The top star was cut out of 1/2" plywood and painted black (with several coats of paint to seal out the moisture). I chose plywood because it was lighter than a wire frame of the same size, and also because I didn't have a welder at the time! The picture below is a 300% enlargement of the star so it's not perfectly clear, but if you look carefully you can make out the white rope light that was shaped around the star's outside. It was fastened to the plywood by drilling small holes through the plywood star and fastening with zip ties. Interestingly, the size of the star was actually dictated by the length of the rope light used and luckily, it was just long enough to make a really good star. You'll also see that the star is fastened to a vertical piece of PVC, which was actually mounted on a PVC screw-base and screw-mounted onto the top of the pole after cementing a PVC plumbing fitting onto the center column. We found some nifty 2-1/2" to 3" screw-in PVC adapters which made the task of mounting the star to the pole a snap.

Mounting the tree in the yard proved to be easy and very secure. We pounded a single wooden 2x2 into the ground about 18", then we slid the center hub of the tree over the 2x2. Then we slid the "trunk" of the tree over the rod and fit it inside the hub but around the 2x2. It was perfect! We fastened the bottom rim of the tree to the ground using tent spikes and long cable ties. Finally, the "trunk" was held vertical by the strings of lights themselves, pulled relatively taut. Through the entire season, we lost only a single strand of lights and that was because I stepped on the string and broke it one day when I was checking the A/C wiring. The controller (a Renard SS24 with a Ren-W adapter) was zip tied to the base of the "trunk" of the tree and it performed flawlessly through the entire season.

If by now you're wondering if we used a written plan, the answer is yes and no. The megatree was a new experience for us and while we had a general idea of the end result and a fuzzy vision of the actual construction, it took several trips to both our local Home Depot and Lowe's as we searched through all the bins of PVC plumbing fixtures to find just the right items to make it work. So if you're hoping for a complete BOM, you're out of luck. However, I think with your own ingenuity and a slow walk through the aisles of PVC connections at your local Home Depot, you'll be able to come up with parts that can be fit together, too. Having said that, here's a general listing of the parts we used as best we can recall from memory:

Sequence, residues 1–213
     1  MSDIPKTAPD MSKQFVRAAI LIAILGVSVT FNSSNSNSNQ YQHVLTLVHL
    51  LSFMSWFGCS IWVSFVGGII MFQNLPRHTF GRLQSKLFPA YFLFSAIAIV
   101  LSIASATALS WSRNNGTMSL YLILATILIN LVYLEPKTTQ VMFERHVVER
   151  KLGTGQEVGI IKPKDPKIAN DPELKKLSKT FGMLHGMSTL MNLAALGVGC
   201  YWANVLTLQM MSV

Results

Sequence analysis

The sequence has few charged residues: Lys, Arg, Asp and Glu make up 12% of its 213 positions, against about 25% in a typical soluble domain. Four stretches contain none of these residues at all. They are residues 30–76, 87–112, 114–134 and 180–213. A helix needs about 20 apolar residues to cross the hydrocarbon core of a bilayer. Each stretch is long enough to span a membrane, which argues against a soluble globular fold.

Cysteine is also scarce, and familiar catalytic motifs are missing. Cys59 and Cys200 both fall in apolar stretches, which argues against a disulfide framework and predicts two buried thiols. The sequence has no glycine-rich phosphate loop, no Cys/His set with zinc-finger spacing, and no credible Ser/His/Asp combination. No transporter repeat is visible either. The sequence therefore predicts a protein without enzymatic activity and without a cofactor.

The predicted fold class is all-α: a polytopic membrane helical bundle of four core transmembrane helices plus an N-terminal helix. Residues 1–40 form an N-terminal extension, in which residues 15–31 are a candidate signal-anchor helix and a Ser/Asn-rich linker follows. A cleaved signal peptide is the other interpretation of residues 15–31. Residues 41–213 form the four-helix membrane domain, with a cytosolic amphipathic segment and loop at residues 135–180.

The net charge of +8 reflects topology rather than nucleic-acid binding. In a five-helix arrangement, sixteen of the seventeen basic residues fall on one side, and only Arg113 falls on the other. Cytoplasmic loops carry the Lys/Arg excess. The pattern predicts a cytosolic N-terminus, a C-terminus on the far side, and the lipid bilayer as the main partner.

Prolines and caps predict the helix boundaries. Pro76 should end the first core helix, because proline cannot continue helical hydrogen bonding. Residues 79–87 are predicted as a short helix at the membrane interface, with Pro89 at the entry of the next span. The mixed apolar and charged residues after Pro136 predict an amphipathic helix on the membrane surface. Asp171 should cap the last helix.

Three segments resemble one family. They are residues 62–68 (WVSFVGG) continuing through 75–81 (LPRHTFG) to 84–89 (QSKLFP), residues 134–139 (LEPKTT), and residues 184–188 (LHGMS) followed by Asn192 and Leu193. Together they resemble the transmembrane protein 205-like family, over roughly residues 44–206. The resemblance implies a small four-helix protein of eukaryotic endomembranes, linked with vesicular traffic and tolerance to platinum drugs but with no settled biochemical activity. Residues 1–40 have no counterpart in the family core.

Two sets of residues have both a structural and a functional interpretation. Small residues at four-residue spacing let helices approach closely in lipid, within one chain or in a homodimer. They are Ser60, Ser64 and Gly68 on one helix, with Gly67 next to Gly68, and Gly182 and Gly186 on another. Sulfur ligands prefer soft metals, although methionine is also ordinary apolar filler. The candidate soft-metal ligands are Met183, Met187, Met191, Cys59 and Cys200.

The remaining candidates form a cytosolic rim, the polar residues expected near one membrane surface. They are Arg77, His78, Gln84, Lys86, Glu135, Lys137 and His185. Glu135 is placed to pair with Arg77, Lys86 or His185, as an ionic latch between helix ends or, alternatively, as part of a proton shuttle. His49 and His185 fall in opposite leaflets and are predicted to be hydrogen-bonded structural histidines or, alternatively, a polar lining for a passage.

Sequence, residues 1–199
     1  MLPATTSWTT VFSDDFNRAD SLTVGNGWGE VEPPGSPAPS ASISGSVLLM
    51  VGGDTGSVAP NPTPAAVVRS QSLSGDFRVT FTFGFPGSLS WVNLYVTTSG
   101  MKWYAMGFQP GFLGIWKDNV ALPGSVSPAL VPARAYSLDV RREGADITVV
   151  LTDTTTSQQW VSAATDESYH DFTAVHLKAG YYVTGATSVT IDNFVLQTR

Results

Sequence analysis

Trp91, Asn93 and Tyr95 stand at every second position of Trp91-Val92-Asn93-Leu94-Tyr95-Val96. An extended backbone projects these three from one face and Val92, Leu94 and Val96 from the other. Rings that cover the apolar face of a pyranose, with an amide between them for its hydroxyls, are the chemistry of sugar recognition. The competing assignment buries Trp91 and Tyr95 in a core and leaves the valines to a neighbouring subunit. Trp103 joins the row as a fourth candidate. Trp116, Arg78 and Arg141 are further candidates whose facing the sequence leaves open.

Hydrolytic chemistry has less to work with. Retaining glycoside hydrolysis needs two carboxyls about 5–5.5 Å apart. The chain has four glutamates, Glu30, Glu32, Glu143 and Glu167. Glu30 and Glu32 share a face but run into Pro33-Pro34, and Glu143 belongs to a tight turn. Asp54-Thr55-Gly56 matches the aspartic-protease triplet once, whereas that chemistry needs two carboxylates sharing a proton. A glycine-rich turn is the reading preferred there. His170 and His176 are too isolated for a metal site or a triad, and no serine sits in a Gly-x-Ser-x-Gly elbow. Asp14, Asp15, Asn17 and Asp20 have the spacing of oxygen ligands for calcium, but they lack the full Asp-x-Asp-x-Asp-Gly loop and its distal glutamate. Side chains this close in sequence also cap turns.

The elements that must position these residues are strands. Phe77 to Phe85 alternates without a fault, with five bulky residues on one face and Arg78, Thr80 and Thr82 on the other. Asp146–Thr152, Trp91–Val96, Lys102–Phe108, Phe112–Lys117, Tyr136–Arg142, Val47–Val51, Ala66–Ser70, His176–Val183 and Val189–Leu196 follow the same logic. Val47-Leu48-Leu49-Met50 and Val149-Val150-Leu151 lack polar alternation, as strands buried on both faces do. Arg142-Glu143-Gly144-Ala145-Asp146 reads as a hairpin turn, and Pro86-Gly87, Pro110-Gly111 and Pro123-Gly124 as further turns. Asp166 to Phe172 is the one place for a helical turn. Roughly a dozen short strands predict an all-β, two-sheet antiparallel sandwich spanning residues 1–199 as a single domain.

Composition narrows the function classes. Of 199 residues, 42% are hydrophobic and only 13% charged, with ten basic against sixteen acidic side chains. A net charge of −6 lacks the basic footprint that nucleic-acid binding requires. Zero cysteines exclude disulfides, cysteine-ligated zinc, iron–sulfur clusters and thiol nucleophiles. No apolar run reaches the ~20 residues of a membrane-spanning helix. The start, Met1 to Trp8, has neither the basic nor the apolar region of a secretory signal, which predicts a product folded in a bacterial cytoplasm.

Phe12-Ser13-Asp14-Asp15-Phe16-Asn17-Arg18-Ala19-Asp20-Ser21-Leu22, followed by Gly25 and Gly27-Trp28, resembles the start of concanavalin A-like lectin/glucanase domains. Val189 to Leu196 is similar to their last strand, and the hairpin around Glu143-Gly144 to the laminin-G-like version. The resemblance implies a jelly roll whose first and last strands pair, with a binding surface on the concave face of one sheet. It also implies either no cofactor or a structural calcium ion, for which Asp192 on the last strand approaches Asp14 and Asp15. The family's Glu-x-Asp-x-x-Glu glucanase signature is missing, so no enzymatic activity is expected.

Qty- Description
1- 3" diameter pvc drain pipe, 10' long
1- 4" diameter pvc drain pipe, 5' long
4- 1/2" x 10' pvc pipes
4-  4-part pvc junctions 1/2" size
4- 90 degree angle junctions, 1/2" size
4- 1/2" pvc pipe junctions
3- 1/4 x 20 hooks, washers, nuts
About 100 zip ties, various lengths
1- 1/2" x 36"x36" piece of plywood
12- 100-count light strings (cut in half)
1- 10' white rope light
1- 2-1/2" x 24" pvc pipe
1 pair- female & male screw junctions for 2-1/2" pvc pipe
PVC cement
1- wooden 2x2
Approx 15' SPT-2 wire
8- tent stakes
Assorted sheet metal screws (to fortify base ring connections)
Black spray paint

In retrospect, there's a lot to like about constructing a medium-height tree such as this. It's relatively inexpensive, portable from year to year, uses the light strings as built-in guy wires to stabilize the "trunk" of the tree, doesn't use a huge amount of electricity (about 4A when all strings are on) and still sequences well.